Blogger Marina said...

I am incredibly impressed with both Andy Tauer's scents. Have you tried the other fragrance? I am debating now, which one to get first, I cannot choose.

11:48 AM EST  
Blogger NowSmellThis said...

Ah, this one sounds more like my cup of tea...must investigate!

12:15 PM EST  
Blogger Marina said...

I think you will like this one, definitely. They are both very much worth investigating! :-)

12:49 PM EST  
Blogger carmencanada said...

Ok, so now I want Le Maroc pour elle too... Indolic, animalic jasmine can actually make me cry for the beauty of it: it reminds me of nights in Andalucia, with little white stars spilling over private garden walls. Sigh...

1:16 PM EST  
Blogger Marina said...

What a beautiful comparison!

1:26 PM EST  
Blogger katiedid said...

Ah, yes honeyed. It does have that sort of feel to it, doesn't it?

For me when jasmine is done "right" it has to have a gauzy quality to it: like it's both a veil and yet see-through at the same time. But I know what you mean about "dirty," too, though in my thoughts I never think of it in that way. I just feel it as a sexy purr, heh.

Lovely review M.

6:54 PM EST  
Blogger Christina H. said...

Wow!What a beautifully written review!You've inspired me to get a sample of this too!It seems like such a romantic fragrance.Does it have good sillage,or remain close to the skin?Also,about how long was the lasting power?
Thank you for such a wonderful review and I loved the Casablanca song you added to embellish this piece.Beautifully done!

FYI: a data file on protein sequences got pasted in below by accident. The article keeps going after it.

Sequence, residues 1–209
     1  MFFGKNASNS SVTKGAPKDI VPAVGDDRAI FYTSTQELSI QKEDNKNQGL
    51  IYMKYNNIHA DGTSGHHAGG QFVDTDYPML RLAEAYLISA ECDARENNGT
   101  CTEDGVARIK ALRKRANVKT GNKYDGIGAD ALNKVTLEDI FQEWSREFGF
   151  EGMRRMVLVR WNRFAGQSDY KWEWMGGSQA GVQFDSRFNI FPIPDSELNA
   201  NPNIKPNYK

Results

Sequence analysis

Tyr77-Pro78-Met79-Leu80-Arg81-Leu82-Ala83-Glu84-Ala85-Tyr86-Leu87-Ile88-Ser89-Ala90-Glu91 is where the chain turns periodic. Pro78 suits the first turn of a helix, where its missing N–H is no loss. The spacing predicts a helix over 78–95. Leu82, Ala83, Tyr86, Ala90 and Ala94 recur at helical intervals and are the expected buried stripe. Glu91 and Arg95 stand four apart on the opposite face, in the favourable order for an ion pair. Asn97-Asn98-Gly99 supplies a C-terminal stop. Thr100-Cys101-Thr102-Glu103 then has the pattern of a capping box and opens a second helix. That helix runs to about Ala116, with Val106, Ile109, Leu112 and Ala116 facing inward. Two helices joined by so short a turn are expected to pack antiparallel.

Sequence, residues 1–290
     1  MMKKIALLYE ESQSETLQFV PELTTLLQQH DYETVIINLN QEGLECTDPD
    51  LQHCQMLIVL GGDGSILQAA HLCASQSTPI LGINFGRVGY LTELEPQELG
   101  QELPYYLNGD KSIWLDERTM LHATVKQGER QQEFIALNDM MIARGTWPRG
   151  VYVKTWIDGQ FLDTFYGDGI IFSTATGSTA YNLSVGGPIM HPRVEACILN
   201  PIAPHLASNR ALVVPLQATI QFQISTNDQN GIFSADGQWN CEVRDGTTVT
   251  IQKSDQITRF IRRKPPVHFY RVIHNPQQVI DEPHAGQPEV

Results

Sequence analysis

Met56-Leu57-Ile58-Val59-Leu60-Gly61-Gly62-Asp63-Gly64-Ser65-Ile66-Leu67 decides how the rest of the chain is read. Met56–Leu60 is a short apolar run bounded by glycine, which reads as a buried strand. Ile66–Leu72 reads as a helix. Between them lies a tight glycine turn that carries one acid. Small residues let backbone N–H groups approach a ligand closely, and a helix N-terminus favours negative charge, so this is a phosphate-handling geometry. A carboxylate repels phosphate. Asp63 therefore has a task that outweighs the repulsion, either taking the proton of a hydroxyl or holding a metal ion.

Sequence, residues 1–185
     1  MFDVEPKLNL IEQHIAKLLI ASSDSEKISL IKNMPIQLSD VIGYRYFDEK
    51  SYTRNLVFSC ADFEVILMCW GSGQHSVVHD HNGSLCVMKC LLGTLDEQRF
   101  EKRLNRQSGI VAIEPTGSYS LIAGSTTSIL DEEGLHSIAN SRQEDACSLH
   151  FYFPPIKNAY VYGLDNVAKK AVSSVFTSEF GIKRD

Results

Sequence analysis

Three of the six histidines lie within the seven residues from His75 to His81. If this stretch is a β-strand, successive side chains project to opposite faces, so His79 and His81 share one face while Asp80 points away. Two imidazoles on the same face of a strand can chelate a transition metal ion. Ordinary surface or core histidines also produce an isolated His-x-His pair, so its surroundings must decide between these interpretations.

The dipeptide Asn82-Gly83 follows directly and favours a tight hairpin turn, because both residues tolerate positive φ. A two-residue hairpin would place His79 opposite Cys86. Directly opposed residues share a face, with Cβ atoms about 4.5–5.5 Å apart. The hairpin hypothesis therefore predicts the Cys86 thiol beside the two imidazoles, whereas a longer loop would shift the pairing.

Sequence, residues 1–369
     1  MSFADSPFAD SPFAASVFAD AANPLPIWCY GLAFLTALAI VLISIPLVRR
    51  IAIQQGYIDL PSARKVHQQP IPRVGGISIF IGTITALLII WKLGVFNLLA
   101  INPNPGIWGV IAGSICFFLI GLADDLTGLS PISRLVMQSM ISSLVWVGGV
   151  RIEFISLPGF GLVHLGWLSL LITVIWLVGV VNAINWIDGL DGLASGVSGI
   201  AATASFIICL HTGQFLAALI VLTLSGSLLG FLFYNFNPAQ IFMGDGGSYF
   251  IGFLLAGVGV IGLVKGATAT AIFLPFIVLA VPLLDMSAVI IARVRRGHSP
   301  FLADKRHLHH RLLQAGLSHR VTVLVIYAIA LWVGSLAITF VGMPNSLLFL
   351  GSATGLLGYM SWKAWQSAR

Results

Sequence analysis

6:56 PM EST  
Blogger Marina said...

I like gauzy jasmine too. BUt it cannot be green or "fresh". Like tuberouse can't be green or fresh. Those kinds don't work on me at all.
I guess you coud say Le Maroc is gauze but nehind that gauziness...there is something alluringly "dirty" :-P

7:04 PM EST  
Blogger Marina said...

Thank you! It has sillage, but it is not a heady scent. Rich, luscious, but not heady like lets say Fracas is heady. You know what I mean. You will leave a trail of sillage but it will be subtle. It lasts good 5-6 hours on me.

7:05 PM EST  
Blogger Heather said...

Beautifully written as always - Of everyone that I know who has sampled it, the 'L'air' has proved universally more popular. I've never found anyone choose Le Maroc over L'air

Le Maroc is my favourite but I am way way in the minority.

If that helps people in the choosing - which of course it doesn't but I thought I'd chip in!

4:57 AM EST  
Blogger Marina said...

I still can't choose...but I will have to since I can't order both right away...I may start with Le Maroc...decisions, decisions!

9:45 AM EST